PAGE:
While the debt or other financial problems (like a horrific credit rating) will create problems, lies (once exposed) will also damage the foundation of trust that relationships require to remain solid. The partner who was lied to will almost certainly trust the liar less and might be inclined to check up on other possible lies, thus leading to even greater stress in the relationship.
Obviously, honesty is (as always) the best policy. Of course, people are not always inclined to be honest and hence it does make sense to inquire into a potential spouses finances. While this might seem nosy or improper, it is important to recognize that marriage is fundamentally an economic relationship. In most cases, your spouse will own half of whatever you acquire in the marriage (with some exceptions) and you will almost certainly be affected by whatever financial baggage or problems they bring into the marriage. As such, it makes sense to approach marriage like the financial merger that it, in fact, is.
This concern about honesty needs to, obviously enough, extend into the marriage itself. I learned this the hard way. For example, after some extensive spending, my (ex) wife agreed to stop using my credit cards and returned them to me. Shortly thereafter charges appeared on my card and I thought someone had gotten my numbers. However, I eventually found out my (ex) wife had been able to buy things in person by giving my credit card number even without having the card. Out of anger, I ended up getting the account numbers changed and this, of course, led to even more conflict between us.
But, one might ask, what about love and all that? Should people look at marriage like they look at corporate mergers or investments?
Love is, of course, great and important. However, the legal aspects of marriage have nothing to do with love but rather are almost entirely about finances and property. As such, it does make sense to look at a marriage in the same way you would consider a corporate merger or an investment. After all, if you had a successful and profitably business, you would not want to merge with a business that was horribly managed and floundering in debt (unless you needed a big tax write off, of course).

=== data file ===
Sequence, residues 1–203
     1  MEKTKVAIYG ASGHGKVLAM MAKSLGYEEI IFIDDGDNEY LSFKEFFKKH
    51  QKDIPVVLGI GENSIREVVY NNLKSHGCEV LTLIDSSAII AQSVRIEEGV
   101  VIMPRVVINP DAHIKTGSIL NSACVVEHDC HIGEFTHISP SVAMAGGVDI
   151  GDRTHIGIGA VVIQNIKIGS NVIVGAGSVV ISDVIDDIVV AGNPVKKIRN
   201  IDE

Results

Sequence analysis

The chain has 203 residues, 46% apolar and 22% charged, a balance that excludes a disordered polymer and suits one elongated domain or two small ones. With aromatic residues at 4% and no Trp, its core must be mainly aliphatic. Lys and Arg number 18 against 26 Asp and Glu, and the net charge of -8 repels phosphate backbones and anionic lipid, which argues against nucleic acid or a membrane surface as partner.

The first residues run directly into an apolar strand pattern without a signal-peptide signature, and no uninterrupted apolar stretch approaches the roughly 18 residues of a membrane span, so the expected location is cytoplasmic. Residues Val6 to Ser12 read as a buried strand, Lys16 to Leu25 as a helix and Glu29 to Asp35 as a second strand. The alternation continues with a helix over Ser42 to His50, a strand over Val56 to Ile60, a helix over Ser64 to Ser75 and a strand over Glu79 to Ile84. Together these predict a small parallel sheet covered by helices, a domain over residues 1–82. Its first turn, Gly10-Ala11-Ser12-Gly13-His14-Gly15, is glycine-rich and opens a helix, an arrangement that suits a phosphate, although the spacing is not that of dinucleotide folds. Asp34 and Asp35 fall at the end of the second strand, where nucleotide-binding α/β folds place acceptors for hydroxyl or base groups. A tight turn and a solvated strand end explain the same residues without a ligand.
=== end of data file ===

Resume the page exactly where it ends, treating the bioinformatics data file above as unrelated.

Naturally, it can make sense to marry someone even if they come with considerable debt. The person might, as they say, be well worth it (that is, the person is so great that the financial stress is worth it). Also, if you are sure the person will be able to handle the debt responsibly and be able to carry his/her fair share in the marriage, then it can be well worth it. After all, most people have debt these days, especially when they are graduating from college.
So, my main advice is to try to minimize debt, shop smart for a spouse, and be honest.
One sign of just how big the deficit is the fact that we are just about at the debt ceiling of $14.3 trillion. This has become a matter of considerable controversy.
Certain conservatives contend that the cap should not be raised. The reason given is sensible enough: raising the cap enables us to keep on borrowing rather than actually seriously addressing the matter of debt. While there are some important differences, this situation can be seen as being somewhat like dealing with credit card overspending by raising the credit limit rather than spending less and doing more to pay down the debt.